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Am J Physiol. 1998 Jun;274(6 Pt 2):H1955-61.

Increased superoxide anion generation and altered vasoreactivity in rabbits on low-potassium diet.

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Department of Medicine, University of Florida and Veterans Affairs Medical Center, Gainesville, Florida 32610, USA.


Potassium reduces blood pressure in populations at high risk of developing hypertension, which suggests that potassium depletion may increase vascular resistance. This study was designed to examine the effect of potassium depletion on the L-arginine-nitric oxide pathway in arterial tissues. New Zealand White rabbits were fed either a control diet, containing a normal amount of potassium, or a low-potassium diet for 1-3 wk. As expected, the low-potassium diet resulted in reduced serum and urinary potassium levels. Carotid arteries were excised, and their contractile and relaxant responses were determined in vitro. Carotid arterial ring contractile response to norepinephrine was enhanced, and relaxation in response to the endothelium-dependent vasodilators acetylcholine and calcium ionophore A-23187 was attenuated, in rabbits fed low-potassium diet (all P < 0.01 compared with responses in rabbits fed control diet). The vasomotor responses were similarly altered in rabbits fed low-potassium diet for 1 or 3 wk. Both the enhanced contraction and attenuated relaxation were abolished by treatment of arterial rings with superoxide dismutase but not by treatment with L-arginine or indomethacin. Carotid artery rings from rabbits fed the low-potassium diet showed approximately 100% greater superoxide anion formation than those from rabbits fed control diet (P < 0.01), whereas plasma and urinary nitrite levels were similar in both groups of rabbits. These observations indicate that low-potassium diet enhances the sensitivity of the carotid artery to vasoconstrictor stimuli and reduces the sensitivity to endothelium-dependent stimuli. Attenuation of endothelium-dependent relaxation appears to be secondary to increased free radical generation, which may degrade nitric oxide. Altered vasoreactivity may underlie the genesis of hypertension in populations consuming diets low in potassium.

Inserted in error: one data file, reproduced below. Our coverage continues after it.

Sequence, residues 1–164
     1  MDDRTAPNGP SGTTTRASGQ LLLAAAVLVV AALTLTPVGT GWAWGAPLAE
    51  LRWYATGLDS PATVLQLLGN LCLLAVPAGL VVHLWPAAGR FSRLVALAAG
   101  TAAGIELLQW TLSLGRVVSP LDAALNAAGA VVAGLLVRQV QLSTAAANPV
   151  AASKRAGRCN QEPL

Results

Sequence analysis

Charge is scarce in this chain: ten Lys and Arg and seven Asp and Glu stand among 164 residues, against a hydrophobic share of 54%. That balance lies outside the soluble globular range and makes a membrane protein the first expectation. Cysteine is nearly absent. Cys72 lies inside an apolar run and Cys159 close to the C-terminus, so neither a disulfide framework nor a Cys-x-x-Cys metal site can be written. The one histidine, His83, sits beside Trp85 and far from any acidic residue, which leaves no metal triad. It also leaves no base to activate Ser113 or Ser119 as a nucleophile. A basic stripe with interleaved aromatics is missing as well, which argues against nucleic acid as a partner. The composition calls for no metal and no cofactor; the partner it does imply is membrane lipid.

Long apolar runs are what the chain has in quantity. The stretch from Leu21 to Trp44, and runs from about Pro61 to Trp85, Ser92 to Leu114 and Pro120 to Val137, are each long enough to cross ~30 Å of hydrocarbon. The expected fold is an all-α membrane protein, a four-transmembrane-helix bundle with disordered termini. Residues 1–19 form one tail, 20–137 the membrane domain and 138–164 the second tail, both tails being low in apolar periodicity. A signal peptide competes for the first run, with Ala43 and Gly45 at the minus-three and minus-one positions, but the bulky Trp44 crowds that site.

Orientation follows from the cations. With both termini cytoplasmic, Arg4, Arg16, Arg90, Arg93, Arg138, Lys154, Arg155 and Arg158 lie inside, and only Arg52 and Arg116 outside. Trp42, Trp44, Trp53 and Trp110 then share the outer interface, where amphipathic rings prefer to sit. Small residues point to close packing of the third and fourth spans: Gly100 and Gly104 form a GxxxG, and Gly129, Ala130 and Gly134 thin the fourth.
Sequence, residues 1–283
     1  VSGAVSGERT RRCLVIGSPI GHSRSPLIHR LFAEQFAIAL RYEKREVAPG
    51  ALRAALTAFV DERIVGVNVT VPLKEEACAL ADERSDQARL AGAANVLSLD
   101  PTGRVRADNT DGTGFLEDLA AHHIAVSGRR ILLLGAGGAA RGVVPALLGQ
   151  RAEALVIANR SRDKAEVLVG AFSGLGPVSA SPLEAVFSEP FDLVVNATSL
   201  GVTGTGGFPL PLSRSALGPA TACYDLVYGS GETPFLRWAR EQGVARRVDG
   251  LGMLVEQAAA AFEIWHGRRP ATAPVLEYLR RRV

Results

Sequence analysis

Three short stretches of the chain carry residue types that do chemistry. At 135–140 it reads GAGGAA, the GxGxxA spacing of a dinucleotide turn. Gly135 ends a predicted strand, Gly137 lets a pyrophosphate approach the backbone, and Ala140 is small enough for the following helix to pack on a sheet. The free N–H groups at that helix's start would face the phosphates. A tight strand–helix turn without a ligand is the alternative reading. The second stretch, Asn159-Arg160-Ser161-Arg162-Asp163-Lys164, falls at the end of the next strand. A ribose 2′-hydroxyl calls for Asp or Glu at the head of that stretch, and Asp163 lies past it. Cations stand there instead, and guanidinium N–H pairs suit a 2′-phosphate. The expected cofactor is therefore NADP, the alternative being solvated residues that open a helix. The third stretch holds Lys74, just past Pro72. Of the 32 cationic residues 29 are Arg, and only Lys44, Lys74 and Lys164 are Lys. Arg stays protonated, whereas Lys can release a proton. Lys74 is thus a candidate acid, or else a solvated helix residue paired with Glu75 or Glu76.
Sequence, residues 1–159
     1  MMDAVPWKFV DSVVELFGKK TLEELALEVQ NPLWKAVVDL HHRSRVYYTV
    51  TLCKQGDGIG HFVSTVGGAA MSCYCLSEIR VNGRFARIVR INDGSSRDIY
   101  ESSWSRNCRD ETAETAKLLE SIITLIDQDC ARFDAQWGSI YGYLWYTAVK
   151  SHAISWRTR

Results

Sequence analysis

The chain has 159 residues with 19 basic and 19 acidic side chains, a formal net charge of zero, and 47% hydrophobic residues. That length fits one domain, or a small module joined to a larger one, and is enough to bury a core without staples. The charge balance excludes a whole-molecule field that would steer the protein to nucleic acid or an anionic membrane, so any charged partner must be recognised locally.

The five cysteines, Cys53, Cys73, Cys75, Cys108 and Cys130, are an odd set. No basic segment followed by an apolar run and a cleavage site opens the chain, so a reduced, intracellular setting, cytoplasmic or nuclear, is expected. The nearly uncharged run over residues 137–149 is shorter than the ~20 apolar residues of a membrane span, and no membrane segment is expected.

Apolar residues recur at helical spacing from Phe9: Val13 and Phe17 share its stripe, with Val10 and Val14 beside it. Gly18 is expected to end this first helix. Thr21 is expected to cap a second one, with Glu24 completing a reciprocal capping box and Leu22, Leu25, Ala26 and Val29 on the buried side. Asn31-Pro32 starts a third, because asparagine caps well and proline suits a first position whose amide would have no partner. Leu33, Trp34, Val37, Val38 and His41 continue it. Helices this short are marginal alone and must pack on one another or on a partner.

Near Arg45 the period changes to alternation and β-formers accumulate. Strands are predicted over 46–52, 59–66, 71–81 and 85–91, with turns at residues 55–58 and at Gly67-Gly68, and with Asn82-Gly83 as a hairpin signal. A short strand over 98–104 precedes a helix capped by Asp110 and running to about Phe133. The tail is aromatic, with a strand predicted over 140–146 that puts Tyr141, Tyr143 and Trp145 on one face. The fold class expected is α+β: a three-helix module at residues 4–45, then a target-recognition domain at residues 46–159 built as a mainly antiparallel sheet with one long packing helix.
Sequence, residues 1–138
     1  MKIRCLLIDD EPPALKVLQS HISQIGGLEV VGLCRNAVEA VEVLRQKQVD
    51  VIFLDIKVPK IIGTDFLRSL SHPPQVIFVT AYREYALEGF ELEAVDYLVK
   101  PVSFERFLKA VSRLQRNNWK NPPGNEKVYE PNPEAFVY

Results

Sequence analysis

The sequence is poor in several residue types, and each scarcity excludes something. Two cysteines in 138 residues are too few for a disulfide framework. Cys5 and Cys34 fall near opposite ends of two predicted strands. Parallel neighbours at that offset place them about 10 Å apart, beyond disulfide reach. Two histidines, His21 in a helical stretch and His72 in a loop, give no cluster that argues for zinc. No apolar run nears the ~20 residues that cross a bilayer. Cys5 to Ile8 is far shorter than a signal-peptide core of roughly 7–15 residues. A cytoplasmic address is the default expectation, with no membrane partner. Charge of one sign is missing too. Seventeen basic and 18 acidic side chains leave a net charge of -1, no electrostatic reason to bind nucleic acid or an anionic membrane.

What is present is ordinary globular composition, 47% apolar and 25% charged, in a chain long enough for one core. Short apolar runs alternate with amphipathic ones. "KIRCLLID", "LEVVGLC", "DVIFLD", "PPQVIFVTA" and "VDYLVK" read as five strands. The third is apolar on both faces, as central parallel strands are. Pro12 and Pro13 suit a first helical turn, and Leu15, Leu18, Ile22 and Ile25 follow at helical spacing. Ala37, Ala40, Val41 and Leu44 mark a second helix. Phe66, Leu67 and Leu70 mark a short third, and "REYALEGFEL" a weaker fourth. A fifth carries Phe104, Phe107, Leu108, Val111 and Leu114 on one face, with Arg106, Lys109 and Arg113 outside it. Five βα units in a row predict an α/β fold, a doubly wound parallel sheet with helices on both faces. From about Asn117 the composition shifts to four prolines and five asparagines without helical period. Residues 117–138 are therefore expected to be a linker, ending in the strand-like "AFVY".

[Indexed for MEDLINE]

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